An ideal business partner for myself would be someone with exceptional quantitative and data analytic abilities. My skillset lies more heavily in verbal communications skills like leading a pitch meeting, marketing, or coming up with a new idea for a product. A quantitative counterpart would be able to bring these ideas to fruition with superior skills developing algorithms and creating numerical deliverables that better elaborate on the usefulness and feasibility of our product. I’d be most likely to find such a counterpart in a STEM-field, particularly someone who’s in a class like advanced computer science yet still has an interest in engineering and entrepreneurship. There are many STEM-oriented students in student entrepreneurship organizations who I would ideally reach out to as well. Furthermore, at the highest level in leadership, because quantitative workers are so essential, I would likely give my partner or main partners the same amount of equity that I have in the project. This would foster a democratic organization where no one feels beholden or controlled by my interests, and also offers a crucial economic incentive to these individuals. After listening to subsequent episodes of the podcast, I still hold my previous opinions on having a business partner. I most likely wouldn’t be pitching a business alone in the first place and finding a person as my complement in the business would essentially be like finding my equal. I believe that equity in entrepreneurial space is crucial to preventing toxic power dynamics that can hamper a business. That being said, I would probably pay people proportionally to their long-term performance and investment in the business as well, while also taking into consideration when I hired them.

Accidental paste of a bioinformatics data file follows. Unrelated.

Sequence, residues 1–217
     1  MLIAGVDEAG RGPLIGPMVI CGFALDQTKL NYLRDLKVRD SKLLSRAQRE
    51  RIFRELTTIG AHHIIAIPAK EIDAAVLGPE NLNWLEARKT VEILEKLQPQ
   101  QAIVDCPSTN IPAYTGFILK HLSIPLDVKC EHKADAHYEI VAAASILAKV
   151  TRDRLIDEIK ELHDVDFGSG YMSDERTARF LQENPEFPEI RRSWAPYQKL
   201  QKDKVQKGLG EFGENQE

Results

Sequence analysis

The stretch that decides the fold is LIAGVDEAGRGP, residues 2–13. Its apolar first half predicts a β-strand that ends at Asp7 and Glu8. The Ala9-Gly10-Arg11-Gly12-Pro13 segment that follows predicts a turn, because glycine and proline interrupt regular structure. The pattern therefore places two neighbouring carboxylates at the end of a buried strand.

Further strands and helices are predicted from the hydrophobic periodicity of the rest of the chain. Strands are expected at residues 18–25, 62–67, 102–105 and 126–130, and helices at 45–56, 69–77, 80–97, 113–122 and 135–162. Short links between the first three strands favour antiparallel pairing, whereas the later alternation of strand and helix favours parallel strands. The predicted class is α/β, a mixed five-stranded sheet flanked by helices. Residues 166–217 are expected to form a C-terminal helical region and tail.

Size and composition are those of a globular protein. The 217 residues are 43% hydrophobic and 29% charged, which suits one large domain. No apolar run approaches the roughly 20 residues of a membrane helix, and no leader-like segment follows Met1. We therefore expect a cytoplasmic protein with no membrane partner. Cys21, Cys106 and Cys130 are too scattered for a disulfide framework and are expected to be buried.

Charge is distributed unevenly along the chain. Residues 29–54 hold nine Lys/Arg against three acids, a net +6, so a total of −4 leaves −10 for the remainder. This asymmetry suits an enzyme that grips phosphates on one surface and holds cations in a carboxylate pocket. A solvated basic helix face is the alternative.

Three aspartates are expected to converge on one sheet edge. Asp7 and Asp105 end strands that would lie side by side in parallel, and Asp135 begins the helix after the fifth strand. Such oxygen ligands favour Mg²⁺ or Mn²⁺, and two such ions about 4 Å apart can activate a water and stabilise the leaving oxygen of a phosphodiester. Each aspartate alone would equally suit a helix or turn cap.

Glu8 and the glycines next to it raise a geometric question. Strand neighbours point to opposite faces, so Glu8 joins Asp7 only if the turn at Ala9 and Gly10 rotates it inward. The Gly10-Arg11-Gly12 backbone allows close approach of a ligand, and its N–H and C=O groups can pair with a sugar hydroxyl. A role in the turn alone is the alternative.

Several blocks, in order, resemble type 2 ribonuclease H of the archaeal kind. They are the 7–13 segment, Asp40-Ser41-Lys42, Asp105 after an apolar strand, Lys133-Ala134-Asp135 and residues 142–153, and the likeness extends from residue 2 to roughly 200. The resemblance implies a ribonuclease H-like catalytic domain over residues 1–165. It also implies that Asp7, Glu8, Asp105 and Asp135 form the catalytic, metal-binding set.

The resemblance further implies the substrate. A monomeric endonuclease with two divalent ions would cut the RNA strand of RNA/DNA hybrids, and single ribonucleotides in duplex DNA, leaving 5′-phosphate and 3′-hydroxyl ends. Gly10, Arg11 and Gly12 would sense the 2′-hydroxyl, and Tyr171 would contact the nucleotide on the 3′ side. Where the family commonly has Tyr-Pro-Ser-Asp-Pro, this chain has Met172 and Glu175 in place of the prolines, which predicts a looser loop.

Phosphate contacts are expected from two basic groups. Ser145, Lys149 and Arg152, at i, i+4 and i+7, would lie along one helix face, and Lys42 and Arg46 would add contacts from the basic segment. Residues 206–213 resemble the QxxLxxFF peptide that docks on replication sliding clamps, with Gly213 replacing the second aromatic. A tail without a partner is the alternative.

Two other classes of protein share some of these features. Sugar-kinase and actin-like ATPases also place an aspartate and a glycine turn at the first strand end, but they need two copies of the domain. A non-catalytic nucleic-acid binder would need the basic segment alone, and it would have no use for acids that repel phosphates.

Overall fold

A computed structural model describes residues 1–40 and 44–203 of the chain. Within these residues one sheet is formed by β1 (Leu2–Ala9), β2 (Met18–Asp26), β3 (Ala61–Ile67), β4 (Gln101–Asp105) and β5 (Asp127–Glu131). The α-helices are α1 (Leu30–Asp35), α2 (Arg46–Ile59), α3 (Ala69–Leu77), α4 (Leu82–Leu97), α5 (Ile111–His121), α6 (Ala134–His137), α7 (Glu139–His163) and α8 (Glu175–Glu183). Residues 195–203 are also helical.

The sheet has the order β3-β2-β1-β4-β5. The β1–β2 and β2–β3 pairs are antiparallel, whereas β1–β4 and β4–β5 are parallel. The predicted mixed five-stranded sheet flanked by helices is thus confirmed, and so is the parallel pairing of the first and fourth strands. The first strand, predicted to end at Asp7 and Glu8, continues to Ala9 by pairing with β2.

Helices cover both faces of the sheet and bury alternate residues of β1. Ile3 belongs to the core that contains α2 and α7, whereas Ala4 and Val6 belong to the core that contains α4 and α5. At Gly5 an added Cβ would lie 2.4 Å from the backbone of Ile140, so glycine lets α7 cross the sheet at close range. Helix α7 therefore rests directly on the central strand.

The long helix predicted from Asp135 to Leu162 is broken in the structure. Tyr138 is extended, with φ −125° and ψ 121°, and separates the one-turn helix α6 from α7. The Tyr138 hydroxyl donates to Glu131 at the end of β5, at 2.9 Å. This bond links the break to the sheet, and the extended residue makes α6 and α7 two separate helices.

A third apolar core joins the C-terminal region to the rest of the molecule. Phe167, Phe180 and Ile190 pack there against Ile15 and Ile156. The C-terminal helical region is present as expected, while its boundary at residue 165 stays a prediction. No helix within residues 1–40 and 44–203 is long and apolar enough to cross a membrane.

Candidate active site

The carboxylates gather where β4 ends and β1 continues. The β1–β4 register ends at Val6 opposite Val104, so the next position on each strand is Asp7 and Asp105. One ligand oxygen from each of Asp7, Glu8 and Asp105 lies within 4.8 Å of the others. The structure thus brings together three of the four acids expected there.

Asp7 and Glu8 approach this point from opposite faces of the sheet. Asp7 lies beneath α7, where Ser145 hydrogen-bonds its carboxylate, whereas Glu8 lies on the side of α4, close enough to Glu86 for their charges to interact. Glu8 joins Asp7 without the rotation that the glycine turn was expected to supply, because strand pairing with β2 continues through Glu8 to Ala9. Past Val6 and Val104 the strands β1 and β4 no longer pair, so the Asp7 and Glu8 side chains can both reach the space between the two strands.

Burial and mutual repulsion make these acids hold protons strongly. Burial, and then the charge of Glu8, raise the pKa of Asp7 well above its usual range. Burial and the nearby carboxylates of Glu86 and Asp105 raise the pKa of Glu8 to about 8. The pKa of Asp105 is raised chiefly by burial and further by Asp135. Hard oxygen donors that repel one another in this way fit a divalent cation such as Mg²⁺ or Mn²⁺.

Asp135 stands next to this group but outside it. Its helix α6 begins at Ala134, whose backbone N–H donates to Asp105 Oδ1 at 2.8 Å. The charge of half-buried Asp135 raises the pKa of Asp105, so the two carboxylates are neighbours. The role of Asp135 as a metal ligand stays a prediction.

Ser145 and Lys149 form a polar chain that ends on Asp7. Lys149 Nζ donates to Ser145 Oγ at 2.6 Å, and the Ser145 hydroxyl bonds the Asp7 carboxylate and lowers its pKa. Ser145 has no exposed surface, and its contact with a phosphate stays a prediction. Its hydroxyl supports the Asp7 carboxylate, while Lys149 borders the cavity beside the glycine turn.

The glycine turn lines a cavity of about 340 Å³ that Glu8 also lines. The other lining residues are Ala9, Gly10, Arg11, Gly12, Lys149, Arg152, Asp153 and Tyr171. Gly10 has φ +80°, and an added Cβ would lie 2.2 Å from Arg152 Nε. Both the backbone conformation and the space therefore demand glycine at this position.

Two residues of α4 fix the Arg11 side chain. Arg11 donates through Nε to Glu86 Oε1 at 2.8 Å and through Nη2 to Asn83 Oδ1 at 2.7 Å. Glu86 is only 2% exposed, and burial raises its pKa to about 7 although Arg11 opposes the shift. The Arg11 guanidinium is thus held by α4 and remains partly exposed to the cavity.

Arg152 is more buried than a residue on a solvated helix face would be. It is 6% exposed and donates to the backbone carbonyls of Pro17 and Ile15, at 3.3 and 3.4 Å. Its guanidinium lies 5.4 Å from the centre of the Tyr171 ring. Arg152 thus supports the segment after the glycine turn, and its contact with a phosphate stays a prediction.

If you’re like most young entrepreneurs, you likely have a great deal of doubt about your ability to succeed. Entrepreneurs tend to overestimate just how reluctant venture capitalists and investors are to dish out their money to a young kid or group of kids with very little experience. However, after listening to an illuminating discussion between entrepreneur Alex Blumberg and Chris Sacca, I know realize that this assumption is sorely mistaken. Given the right pitch, you’ll have venture capitalists throwing money at you. The key to a great pitch is not just a solid pitch deck, or fundamental understanding of the financial landscape of the industry. As was demonstrated by Blumberg’s sidewalk pitch, they key to a convincing pitch is a truly conversational and intuitive understanding of one’s business and purpose. If you stop leaning on the crutch of statistics and metrics, you can unleash a bevy of charismatic potential sure to attract any investor. Focus on the “unfair advantages” that truly set yourself apart. If you don’t get the pitch, re-evaluate your investor, and whether this is what you really want in a funding advocate.